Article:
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drharps's Achievements


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  1. So I posted on another thread about needing a good ball recommendation, and it elicited a number of views on the issues with fetch as an activity. It got me to doing some research and looking more into the issue. What do people think of the activity? Is it good, but only when limited to 30 minutes a day? Is it good, but best when it's on a schedule so the dog knows, for instance, fetch happens in the morning and that's it? Is it something that is a great exercise for the dog so do it when and where you can? Some of the studies I found indicated it can lead to a nervous, anxious, and reactive dog because they essentially become a junkie and it affects their brain activity when they aren't playing. Other trainers/vets I've read say it's a natural and great activity for dogs. Would love to hear what people think because fetch is one of those things I've considered as 'dog-like' as the name fido and love of bones.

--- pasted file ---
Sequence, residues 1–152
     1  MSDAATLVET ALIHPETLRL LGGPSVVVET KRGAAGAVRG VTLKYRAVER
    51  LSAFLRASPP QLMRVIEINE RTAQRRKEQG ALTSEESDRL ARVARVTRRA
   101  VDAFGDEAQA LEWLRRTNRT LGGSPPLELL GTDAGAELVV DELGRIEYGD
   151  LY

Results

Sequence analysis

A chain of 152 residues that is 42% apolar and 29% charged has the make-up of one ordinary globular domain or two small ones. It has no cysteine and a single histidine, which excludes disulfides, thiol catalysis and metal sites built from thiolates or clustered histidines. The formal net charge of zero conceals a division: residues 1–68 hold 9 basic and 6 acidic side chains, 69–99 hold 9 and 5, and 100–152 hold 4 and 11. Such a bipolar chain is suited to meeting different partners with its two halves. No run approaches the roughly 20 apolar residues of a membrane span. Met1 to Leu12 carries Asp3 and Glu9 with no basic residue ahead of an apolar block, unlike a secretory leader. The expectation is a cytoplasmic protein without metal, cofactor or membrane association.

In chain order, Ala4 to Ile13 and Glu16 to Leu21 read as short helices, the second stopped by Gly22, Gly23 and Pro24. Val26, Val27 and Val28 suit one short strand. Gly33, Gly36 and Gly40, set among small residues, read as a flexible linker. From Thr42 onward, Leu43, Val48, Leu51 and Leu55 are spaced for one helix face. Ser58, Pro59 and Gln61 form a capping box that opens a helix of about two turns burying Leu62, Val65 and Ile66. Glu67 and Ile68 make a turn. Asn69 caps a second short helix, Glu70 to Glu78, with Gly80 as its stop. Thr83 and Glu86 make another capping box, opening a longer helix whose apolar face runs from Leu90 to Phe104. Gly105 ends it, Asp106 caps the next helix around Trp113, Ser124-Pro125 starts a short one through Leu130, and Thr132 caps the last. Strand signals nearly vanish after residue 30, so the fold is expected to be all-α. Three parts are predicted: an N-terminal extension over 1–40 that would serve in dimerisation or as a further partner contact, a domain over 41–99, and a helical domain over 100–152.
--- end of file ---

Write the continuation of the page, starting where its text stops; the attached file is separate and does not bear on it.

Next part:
2. Lots of interesting takes in this thread, did not expect it to go this way. For the record, I also do training, walks, hikes, nose work, beach, etc. with my dog. That said, she LOVES fetch and when we go in the yard (which is small) it's a great activity where I can sit and do work and periodically throw the ball for her. When we go to a dog park, all she wants to do is fetch with the toys there. It is undoubtedly her favorite activity outside of something more active, like hiking. Based on some interesting food for thought in this thread, I'll greatly reduce her fetch, but cutting it out doesn't seem like something she'd want, or I'd want, as it's a good way to exercise her when I can't do something more engaging. And for the record, the Champion Sports Extreme soccer ball lasts no longer than any other ball.